Some of the major investment banks are Goldman Sachs (GS), Morgan Stanley (MS), JPMorgan Chase (JPM), BofA Securities (BAC), Barclays Investment Bank, Citigroup (C), Deutsche Bank (DB) and Credit Suisse Group (CS). (Also, see The Buy-Side of the M&A Process.)

Law Firms

Corporate law firms are popular among companies looking to expand externally through a merger or acquisition, especially companies that cross international borders. Such deals are more complex as they involve various laws governed by different jurisdictions, and require very specialized legal handling. The international law firms are best suited for this job with their expertise on multi-jurisdiction matters.

Some of the leading law firms engaging in mergers and acquisitions are Wachtell, Lipton, Rosen & Katz, Skadden, Arps, Slate, Meagher & Flom LLP (“Skadden”), Cravath, Swaine & Moore LLP, Sullivan & Cromwell LLP, Simpson Thacher & Bartlett LLPLatham & Watkins, LLP and Davis Polk & Wardwell LLP.

Audit & Accounting Firms

These companies also handle merger and acquisitions deals with an obvious specialization in auditing, accounting, and taxation. These accounting firms are experts in evaluating assets, conducting audits and advising on tax considerations. In cases where a cross-border merger or acquisition is involved, the understanding of the tax implications becomes critical. In addition to audit and accounting specialties, these companies have other experts available to manage the other financial aspects of the deal as well.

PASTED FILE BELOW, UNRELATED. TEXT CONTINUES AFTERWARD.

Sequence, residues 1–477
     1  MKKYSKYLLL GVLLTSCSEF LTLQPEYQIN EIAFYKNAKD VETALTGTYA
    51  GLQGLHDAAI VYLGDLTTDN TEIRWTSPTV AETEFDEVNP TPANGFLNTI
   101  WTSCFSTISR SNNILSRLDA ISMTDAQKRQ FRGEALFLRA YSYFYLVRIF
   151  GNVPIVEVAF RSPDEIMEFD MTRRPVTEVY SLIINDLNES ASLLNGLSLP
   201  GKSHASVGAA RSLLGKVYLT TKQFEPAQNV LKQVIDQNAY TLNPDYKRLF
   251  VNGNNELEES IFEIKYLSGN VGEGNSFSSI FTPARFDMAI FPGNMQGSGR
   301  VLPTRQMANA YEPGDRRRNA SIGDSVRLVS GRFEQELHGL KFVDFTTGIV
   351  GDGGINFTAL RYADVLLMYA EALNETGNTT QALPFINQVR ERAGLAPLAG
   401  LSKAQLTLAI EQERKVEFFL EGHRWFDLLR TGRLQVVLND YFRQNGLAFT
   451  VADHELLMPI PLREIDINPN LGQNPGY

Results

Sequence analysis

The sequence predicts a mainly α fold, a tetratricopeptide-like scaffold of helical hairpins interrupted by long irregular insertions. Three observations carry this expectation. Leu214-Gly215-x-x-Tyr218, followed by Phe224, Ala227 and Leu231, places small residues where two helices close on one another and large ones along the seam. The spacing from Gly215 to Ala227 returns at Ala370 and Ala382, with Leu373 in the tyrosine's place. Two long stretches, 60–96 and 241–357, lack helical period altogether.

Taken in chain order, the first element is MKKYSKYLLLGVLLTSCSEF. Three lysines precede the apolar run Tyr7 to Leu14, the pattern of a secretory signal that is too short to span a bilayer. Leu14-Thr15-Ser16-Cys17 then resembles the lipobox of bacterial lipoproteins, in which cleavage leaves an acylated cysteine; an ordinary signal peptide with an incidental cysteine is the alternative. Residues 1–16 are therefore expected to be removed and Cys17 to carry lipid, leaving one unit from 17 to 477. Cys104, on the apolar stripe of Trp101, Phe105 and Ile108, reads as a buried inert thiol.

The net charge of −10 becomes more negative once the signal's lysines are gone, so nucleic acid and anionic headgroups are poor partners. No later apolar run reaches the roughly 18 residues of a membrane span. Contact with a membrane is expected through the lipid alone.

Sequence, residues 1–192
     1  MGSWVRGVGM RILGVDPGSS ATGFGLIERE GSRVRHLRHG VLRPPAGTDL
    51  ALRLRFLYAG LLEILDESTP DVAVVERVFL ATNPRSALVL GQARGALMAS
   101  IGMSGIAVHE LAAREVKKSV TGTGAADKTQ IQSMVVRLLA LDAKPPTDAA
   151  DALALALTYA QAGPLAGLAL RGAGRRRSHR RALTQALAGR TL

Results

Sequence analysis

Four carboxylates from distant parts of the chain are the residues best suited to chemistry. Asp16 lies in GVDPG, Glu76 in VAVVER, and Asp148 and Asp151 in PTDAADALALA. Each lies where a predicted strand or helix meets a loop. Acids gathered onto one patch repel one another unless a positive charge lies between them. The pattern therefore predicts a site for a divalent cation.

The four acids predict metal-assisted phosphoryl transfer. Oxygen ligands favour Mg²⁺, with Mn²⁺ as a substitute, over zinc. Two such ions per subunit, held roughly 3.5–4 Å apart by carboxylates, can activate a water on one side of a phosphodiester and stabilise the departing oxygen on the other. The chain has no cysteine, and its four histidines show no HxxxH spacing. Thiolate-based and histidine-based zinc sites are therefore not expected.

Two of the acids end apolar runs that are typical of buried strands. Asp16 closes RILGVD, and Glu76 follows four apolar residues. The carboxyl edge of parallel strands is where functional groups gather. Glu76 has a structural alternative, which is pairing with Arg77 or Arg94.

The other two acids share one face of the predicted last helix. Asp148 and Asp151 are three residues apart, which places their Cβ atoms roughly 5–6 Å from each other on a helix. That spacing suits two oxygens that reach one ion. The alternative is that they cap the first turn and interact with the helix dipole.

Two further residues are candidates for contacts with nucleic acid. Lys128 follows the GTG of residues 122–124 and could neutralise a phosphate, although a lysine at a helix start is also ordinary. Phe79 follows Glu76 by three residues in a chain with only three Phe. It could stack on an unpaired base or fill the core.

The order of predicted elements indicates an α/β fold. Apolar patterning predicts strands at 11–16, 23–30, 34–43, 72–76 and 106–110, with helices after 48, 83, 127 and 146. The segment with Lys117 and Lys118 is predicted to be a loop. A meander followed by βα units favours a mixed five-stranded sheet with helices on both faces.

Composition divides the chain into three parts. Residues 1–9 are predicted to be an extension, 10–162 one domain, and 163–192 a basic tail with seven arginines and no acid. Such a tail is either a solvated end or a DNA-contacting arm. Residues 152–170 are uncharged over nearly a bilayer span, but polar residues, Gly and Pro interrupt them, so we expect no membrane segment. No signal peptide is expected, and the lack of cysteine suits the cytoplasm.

Some of the well-known firms from this category with specialized services in mergers and acquisitions are: KPMG, Deloitte, PricewaterhouseCoopers (PwC) and Ernst & Young (EY). These companies together are often referred to as the "Big Four" accounting firms. 

Consulting & Advisory Firms

The leading management consulting and advisory firms guide clients through all stages of a merger or acquisition process, whether they are cross-industry or cross-border deals. These firms have a team of experts who work towards the success of the deal right from the initial phase to the successful closure of the deal. The bigger companies in this business have a global footprint that helps in identifying suitable targets. The firms are tasked with working on the acquisition strategy followed by screening, due diligence, and advising on price valuations to make sure that the clients are not overpaying and so on.

Some of the well-known names in the business are: Kearney, Bain & Company, Boston Consulting Group, McKinsey & Company and L.E.K. Consulting.

The Bottom Line

Every year companies enter into inter-industry, cross-industry, and cross-border deals running into the trillions, though the success rate of such deals is under fifty percent. Huge sums of money are paid to companies for being a dealmaker or facilitator. The fee for these services is dependent on the size and worth of the companies involved in the merger and acquisition process. (For more, read How Mergers and Acquisitions Can Affect a Company)

Article Sources
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  2. Harvard Business Review. “The Big Idea: The New M&A Playbook.”